A trick of the light

I was six years old when I took this picture. I remember the satisfying crackle as the film advance lever wound TMax film onto the spool, the weight of the metal-bodied Nikormat FT2, and the concentration it took to align the split focus in the viewfinder.

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In the frame, my father sits on a bleacher outside a brick-and-tile primary school I never attended. His legs are crossed, hands posed on his knee for the portrait. My life-jacket lies at his feet. (We had been practising capsizing small Optimist-class centreboard yachts in the school swimming pool as an easy introduction to the potentially terrifying hazard of sailing.)

Technically, it’s possibly the worst frame I’ve ever taken. It’s soft, the light is hard, it’s poorly composed, and the motion blur and crooked horizon are ample evidence that the camera is a significant fraction of the photog­rapher’s body weight.

But whatever practical shortcomings the image might have, it has recorded Dad’s expression in perfect vérité. The grin I read as the joy of a great day out with his son, and not a little bit of humour at the portrait sitting. The way his eyebrows are gently pursed is perhaps a reaction to the brilliant midday sun, but it might also indicate a degree of empathy, reflecting my own unease with the camera.

A photograph is a record of the world as it was for 1/125th of a second. But it can also be both a window and a mirror. When I look at this image, I see my father looking out and my younger self looking in. But, strangely now that I have children of my own, I also feel myself in his position—the lightness of being that comes with seeing the world through a child’s eyes, and the happy burden of parenthood with all the concern and empathy that entails.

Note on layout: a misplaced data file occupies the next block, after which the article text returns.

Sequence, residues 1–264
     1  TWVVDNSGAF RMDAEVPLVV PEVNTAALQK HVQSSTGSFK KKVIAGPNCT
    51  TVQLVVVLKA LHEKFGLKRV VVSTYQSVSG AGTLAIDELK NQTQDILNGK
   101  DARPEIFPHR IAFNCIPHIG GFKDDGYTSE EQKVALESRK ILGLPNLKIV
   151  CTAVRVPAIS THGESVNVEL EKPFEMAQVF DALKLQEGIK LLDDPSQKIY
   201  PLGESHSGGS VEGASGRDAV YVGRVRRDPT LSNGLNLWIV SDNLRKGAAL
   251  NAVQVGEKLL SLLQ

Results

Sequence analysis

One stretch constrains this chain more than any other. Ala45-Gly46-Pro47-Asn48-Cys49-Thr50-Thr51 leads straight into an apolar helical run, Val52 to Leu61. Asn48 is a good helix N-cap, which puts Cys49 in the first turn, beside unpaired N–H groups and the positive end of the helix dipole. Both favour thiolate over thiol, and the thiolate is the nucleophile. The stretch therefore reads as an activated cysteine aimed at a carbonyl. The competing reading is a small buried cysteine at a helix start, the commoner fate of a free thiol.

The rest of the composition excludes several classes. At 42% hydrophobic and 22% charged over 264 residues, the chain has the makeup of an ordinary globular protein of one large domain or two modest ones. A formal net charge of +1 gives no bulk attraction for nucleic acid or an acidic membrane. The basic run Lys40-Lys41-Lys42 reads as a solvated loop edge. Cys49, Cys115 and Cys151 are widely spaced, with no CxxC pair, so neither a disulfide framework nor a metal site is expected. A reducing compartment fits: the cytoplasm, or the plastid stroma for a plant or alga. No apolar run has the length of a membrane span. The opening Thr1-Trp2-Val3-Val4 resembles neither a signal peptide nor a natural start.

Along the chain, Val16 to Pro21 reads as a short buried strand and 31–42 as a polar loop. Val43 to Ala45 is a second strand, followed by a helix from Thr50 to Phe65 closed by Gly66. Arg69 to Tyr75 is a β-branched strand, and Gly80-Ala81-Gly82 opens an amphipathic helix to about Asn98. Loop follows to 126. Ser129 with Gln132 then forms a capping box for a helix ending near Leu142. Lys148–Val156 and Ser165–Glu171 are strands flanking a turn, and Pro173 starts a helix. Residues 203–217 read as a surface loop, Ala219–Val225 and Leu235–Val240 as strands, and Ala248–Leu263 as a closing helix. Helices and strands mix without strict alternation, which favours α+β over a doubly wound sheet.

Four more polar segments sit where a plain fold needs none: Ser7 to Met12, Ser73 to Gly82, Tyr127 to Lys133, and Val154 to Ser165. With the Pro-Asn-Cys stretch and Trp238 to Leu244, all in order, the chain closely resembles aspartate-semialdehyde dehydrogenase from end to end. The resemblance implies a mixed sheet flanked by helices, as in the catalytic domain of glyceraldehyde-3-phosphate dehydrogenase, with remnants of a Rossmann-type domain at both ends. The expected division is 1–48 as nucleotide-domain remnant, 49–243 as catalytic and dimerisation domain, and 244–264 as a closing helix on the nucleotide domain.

In this way, a camera is a dreamcatcher, a device that can record a payload of emotion and meaning far beyond the simple play of light on surfaces. And despite a couple of decades as a professional photographer, the image that means the most to me was my first.

This month, we open the New Zealand Geographic Photographer of the Year competition once again, a celebration of this magical art of photography. It’s open to professionals and five-year-olds struggling to focus, because no one has exclusive access to meaning. It’s the opportunity to photo­graph with intent, to turn your lens upon your environment, your life, to document and to celebrate the society, culture, wildlife, landscape and stories that make us unique. Entering is easy, just go to www.nzgeographic. co.nz/photocomp and follow the instructions to upload your cargo of glittering pixels. If you need an incentive, there’s $7000 in prize-money on offer. See page 15 for more details.

Also, for the first time this year, the annual competition will be accompanied by a large exhibition at Auckland Museum—opening June 22—featuring the best photographs entered over the past four years. Then on August 25, all the finalists of the 2012 competition will go on display in the Special Exhibition gallery. Fame, if not fortune, could be yours with the clack of a shutter, and the click of a mouse.

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